Debt Consolidation Explained in a way EVERYONE understands

When it comes to getting out of debt, it can be a challenge to find accurate information that enables you to make sound decisions. Hence, this guide for “dummies” – in which we outline the basics – so that you can be smart about your debt.

Who Needs Debt Consolidation

First, let’s establish that debt consolidation is only relevant to those who have at least several loans, often including the outstanding balance on credit card bills and student loans. If paying each of your creditors each month is not a burden, and you never miss a payment, then debt consolidation may not be for you (keep reading though, because it may be beneficial). If you have so many loans that you find yourself at risk of missing payments (if only because of an excess of paperwork), a debt consolidation loan may be particularly helpful. Bundling them all together into one payment eliminates that complication.

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Advantages of Debt Consolidation

Consolidating your loans may enable you to negotiate for a lower interest rate, or even a lower monthly payment – which is why even those who are not overwhelmed by many bills might consider this approach. How is lowering your interest rate possible? Well, if you have several credit cards, with interest rates ranging from 10% to 28%, you might consolidate the accounts into one with an interest rate of 10% or even 15% –putting you far ahead of your original high interest cards.

How is lowering your monthly payment possible? Well, lending institutions tend to prefer reliable customers – those who are able to make their payments. Paying a lesser amount that you can manage is better than a higher amount that is paid only on occasion. A decrease in the monthly payment means paying that bill for longer, and that means more interest accruing, and greater return for your lending institution. But it also means that you don’t risk late payment penalty fees.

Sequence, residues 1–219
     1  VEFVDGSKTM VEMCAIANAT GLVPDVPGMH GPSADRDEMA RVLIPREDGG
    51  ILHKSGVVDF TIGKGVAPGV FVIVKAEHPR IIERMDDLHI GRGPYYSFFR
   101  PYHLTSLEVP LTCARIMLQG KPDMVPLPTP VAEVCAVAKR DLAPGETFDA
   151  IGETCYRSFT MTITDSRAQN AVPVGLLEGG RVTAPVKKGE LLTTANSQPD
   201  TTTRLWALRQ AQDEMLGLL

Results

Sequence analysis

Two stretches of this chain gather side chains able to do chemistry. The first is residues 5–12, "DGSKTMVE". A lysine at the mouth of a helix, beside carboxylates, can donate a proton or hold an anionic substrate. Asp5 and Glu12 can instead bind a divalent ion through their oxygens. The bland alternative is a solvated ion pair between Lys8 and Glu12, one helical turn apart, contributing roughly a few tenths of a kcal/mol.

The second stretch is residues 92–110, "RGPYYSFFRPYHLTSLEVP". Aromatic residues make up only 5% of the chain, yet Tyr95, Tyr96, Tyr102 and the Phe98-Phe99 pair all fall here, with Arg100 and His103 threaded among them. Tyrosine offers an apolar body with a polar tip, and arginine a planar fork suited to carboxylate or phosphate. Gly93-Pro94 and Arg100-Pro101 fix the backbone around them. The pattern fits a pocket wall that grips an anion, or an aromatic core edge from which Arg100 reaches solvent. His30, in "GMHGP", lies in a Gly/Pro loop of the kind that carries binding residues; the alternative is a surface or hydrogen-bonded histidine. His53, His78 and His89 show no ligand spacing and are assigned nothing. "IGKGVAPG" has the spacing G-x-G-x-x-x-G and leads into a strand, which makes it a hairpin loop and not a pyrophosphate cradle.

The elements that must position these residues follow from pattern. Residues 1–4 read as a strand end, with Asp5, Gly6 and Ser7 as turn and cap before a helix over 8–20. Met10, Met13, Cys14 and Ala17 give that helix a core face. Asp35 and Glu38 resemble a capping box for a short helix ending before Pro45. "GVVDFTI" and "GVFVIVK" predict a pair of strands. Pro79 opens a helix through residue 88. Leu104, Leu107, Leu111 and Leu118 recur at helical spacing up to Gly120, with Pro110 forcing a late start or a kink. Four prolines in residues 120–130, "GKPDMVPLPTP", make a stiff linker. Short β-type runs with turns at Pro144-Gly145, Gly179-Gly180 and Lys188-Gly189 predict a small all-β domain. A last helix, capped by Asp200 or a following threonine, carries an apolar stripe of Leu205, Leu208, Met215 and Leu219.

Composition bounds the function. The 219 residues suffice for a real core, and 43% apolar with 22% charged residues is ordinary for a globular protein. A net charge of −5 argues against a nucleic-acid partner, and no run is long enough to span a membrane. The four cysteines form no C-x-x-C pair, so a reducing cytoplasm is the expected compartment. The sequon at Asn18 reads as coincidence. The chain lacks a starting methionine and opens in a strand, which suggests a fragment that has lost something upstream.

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Who Provides Debt Consolidation Loans

Several kinds of institutions specialize in the field of debt consolidation:

  • Banks

  • Credit card companies

  • Mortgage lenders

  • Debt management counseling companies

  • Peer-to-peer lenders

The different lending institutions guarantee their loan supporting debt consolidation in different ways. Some, like a mortgage lender, will accept your house as collateral. Others, like credit cards, basically merge all your credit cards, and if you can pay off that debt before an attractive 0%-interest-for-the-first-six-months offer expires (for example), you will have done well for yourself. Be aware that while debt consolidation does not necessarily hurt your credit rating, you are applying for a loan, which involves a credit check. If you make your payments on time and pay off your debt, however, the process of debt consolidation will only improve your credit rating in the long run.

To start the process, you can review the services offered by National Debt Relief and CuraDebt.

Bottom Line

How do you decide if debt consolidation is the right path for you? Well, your main aim is to reduce your total overall debt, so crunch all the numbers before you sign anything, and make sure that you will pay less in total if you choose to consolidate.

If you know you need/want help, but don't know exactly what kind don't worry. Start by figuring out the difference between your three debt relief options: Debt Management, Debt Settlement and Consolidation Loan.

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